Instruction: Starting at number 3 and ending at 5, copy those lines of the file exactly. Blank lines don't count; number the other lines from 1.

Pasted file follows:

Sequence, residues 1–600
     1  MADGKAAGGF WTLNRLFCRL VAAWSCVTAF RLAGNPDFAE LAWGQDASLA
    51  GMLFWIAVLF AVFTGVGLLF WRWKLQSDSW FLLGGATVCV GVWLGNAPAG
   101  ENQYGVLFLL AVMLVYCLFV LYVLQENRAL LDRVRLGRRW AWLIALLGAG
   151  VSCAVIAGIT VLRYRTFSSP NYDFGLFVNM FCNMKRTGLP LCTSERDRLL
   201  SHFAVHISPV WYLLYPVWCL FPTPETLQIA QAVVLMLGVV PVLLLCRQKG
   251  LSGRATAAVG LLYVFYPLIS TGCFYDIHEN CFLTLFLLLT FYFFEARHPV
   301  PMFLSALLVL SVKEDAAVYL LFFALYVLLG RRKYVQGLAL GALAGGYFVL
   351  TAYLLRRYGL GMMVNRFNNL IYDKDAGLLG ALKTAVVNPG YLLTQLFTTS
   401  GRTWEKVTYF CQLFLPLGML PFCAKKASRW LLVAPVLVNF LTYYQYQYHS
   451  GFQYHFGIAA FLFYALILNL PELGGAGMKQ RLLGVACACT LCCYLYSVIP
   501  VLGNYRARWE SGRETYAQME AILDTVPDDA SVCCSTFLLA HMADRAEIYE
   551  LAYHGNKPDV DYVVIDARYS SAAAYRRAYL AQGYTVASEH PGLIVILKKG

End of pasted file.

    51  GMLFWIAVLF AVFTGVGLLF WRWKLQSDSW FLLGGATVCV GVWLGNAPAG
   101  ENQYGVLFLL AVMLVYCLFV LYVLQENRAL LDRVRLGRRW AWLIALLGAG
   151  VSCAVIAGIT VLRYRTFSSP NYDFGLFVNM FCNMKRTGLP LCTSERDRLL